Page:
There are 8 chapters in "The Brain's Way of Healing" and I intend to write a little about each for the next few days.  I recommend the book not only for the very interesting and unusual stories covered but because the whole area of the brain is a very tricky one.  I read guidelines for local discussions by a well-known organization months ago that warned to avoid areas of "neuro"-this and "neuro"-that since it is too easy to get into areas of charlatans, false claims and ideas and procedures that don't work.  It may be wise to keep in mind, though, that what may work for one person might not for another for multiple reasons. Any new idea, especially one that contradicts long-standing positions such as that older brains cannot really change, will face opposition.  As some of my thinking friends like to point out, there is still a flat-earth society.  So, as we say in the north during an ice storm, "proceed with caution."

Main blog: Fear, Fun and Filoz
Main web site: Kirbyvariety

Wednesday, March 4, 2015

Don't spoil my grumpy mood

Sometimes, I am reluctant to be happy.  You ever get like that?  

I get in a solidly bad mood and I am enjoying it, grousing and grumbling and growling with abandon, just like an old guy is supposed to, when suddenly some damned sunbeam breaks into things.  Smiles!  Delight! Joy!  Who needs it?  

I spend all that time developing a scintillating scowl, drooping the corners of my mouth nearly to my knees and I am supposed to put all that aside for something upbeat???  What kind of world is this when a tax-paying citizen, a solid upright sort, has to turn around and chuckle with delight?  Delight?  Delight?  I'll delight you!  

I have my favorite sources of bad news, good reliable negative interpretations of all the latest headlines and developments.  I shop online for the latest pathetic trivia, rotten deals and life-souring activities.  Just reading about them gives me a shot in the pessimum.  I play a dirge and then whistle a mournful tune.  I keep careful track of my inventory of pains, complaints and disappointments. I hoard them all with approving, gloating, miserly love.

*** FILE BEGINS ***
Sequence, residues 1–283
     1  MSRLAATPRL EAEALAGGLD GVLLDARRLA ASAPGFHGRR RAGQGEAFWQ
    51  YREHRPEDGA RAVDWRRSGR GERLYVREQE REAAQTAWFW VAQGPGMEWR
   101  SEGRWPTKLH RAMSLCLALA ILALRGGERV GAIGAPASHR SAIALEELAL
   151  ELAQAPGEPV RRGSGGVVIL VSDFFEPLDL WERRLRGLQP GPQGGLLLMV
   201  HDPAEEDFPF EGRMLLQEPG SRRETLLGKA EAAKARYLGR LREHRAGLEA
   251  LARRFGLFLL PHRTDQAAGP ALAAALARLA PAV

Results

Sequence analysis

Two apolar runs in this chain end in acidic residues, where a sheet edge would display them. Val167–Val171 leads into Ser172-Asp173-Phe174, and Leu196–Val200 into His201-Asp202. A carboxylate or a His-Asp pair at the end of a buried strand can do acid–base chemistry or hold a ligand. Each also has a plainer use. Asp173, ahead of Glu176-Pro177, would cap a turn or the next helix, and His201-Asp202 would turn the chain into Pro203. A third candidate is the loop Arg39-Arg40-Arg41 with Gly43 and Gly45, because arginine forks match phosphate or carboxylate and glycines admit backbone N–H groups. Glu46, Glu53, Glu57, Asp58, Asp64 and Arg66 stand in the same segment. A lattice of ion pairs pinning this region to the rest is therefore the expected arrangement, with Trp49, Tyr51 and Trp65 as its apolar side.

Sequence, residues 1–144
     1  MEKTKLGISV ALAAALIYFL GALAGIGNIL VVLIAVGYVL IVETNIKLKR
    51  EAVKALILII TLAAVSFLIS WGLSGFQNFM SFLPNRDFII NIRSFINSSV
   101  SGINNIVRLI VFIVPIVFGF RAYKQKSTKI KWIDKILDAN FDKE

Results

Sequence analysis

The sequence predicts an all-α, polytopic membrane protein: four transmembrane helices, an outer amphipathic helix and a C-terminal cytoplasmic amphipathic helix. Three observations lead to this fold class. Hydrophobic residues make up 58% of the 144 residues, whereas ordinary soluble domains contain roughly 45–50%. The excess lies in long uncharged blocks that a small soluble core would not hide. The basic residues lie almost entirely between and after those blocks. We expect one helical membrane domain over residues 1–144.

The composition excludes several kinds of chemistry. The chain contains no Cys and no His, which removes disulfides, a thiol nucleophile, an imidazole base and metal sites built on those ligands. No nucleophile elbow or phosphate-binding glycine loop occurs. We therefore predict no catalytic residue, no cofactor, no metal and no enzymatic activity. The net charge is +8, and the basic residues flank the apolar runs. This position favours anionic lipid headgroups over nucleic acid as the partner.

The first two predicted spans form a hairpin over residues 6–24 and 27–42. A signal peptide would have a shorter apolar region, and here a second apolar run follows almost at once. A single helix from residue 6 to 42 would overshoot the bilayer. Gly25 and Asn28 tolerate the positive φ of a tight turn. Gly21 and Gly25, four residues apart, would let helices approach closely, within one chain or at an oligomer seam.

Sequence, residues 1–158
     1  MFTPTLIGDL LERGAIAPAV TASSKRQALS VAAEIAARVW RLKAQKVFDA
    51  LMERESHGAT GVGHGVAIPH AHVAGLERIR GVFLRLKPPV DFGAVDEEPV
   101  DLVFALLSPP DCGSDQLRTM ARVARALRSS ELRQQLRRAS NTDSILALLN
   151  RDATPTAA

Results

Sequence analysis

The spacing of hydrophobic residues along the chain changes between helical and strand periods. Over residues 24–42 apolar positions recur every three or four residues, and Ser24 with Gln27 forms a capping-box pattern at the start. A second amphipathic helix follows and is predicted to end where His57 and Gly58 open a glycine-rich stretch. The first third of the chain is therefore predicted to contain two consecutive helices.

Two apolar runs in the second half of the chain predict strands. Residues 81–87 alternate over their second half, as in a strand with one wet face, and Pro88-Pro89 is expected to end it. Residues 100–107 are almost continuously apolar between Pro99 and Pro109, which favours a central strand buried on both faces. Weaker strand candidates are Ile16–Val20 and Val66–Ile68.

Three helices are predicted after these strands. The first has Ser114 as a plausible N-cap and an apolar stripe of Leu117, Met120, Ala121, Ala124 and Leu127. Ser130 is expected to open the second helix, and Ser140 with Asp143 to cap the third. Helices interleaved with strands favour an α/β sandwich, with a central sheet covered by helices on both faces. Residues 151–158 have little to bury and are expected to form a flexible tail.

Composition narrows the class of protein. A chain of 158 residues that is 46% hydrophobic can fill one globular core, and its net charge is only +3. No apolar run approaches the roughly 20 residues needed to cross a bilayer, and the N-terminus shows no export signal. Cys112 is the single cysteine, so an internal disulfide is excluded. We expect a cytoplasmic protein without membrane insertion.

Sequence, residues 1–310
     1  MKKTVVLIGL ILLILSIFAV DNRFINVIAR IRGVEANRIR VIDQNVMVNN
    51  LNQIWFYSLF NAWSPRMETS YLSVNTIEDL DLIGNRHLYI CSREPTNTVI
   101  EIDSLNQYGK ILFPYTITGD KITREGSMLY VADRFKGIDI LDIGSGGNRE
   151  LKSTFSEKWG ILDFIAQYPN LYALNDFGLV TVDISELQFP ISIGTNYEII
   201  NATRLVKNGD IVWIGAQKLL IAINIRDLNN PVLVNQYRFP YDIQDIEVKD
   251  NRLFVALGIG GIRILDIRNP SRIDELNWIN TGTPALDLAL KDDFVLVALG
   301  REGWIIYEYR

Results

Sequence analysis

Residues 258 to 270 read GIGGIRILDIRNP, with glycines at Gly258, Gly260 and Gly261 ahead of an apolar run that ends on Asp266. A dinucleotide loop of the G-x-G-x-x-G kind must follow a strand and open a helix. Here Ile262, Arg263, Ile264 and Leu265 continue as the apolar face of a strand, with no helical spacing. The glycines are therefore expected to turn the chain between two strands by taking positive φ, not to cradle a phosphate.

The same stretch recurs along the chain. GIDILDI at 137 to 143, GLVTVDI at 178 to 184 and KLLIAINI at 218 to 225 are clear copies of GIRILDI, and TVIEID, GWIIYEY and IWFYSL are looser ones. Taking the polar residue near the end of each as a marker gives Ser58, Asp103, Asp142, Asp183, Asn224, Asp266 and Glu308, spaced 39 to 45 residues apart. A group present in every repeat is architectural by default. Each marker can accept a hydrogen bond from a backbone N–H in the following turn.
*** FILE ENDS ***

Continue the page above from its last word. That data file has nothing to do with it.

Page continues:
I don't like being bullied by pep, undermined by optimism, interfered with by empathy.  Next time you see me scowling, stay out of my circle.  Try keeping your bright smile to yourself so I don't have to try to reconstruct my shattered grump from the broken shards.

You know, there is only so much pessimism to go around and if it gets wasted, then where will we be?  Just answer me that.

Main blog: Fear, Fun and Filoz
Main web site: Kirbyvariety

Tuesday, March 3, 2015

US senior citizens today

My brother-in-law is an astute and energetic retired businessman.  He is currently interested in the situations of American senior citizens and sent me these notes.  There are probably many books and web pages related to the new peaks of longevity, better levels of education and awareness, and greater diversity of goals, desires and backgrounds among US senior citizens.  One book I have read that relates to what he has provided below is "Being Mortal" by Atul Gawande, an American physician and professor of surgery at the Harvard Medical School.


USA national survey, 3600 seniors

February 22, 2015

Interesting observations on the US Senior citizen mindset

65% of seniors say they are in their best home now, and do not want to lose independence and love of their community and friendships.

Many realize they will need extra care and need help in the future as needs expand

64% would move possible one more time (some reasons as follows)

24% anticipate to move closer to family

Gov't survey found 81% over 65 own home, 72% paid off and have a 4 Trillion dollars equity.

51% will move to smaller housing due to government taxes, mandates and upkeep.

30% will move to larger housing due to family inclusion and financial considerations.

19% will move to a smaller due to health and wellness issues

85% over 70 years old want extended care in own home is necessary

Only 10% say assistance living is for them

4% want to move in w/ family


Data by 'Age Wave" Ken Dychtwald

Turning empty nesters turning homes into a Nurturing nest

Want to remodel their homes, for when kids and friends visit.

61% feel free from yesterday's chores and obligations.

47% spend on renovations (knock out walls for more space, remodel kitchen, after kids

Most have offices in home now, buy fewer foods (221 items vs 250 in pantry) vs in '05

(Government research, says more pork and beans and canned beets play role in pantry)

Eating out more is now a past time (like mini vacation) 65% fast food 37% w/ waiters etc.,

Most order water w/ meals…eat out 3or 4 times week via Groupon, Happy Hour, bar food,